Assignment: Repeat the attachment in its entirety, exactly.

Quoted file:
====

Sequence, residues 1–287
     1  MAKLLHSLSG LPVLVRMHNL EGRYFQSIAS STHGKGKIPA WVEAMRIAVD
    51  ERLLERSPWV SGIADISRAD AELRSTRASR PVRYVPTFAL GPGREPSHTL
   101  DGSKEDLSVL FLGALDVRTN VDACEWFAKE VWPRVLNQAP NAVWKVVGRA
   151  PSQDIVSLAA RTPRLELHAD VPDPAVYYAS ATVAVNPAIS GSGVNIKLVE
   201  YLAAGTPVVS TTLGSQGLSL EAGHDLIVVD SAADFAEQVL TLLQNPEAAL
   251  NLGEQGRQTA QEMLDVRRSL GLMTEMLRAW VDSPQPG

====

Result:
Sequence, residues 1–287
     1  MAKLLHSLSG LPVLVRMHNL EGRYFQSIAS STHGKGKIPA WVEAMRIAVD
    51  ERLLERSPWV SGIADISRAD AELRSTRASR PVRYVPTFAL GPGREPSHTL
   101  DGSKEDLSVL FLGALDVRTN VDACEWFAKE VWPRVLNQAP NAVWKVVGRA
   151  PSQDIVSLAA RTPRLELHAD VPDPAVYYAS ATVAVNPAIS GSGVNIKLVE
   201  YLAAGTPVVS TTLGSQGLSL EAGHDLIVVD SAADFAEQVL TLLQNPEAAL
   251  NLGEQGRQTA QEMLDVRRSL GLMTEMLRAW VDSPQPG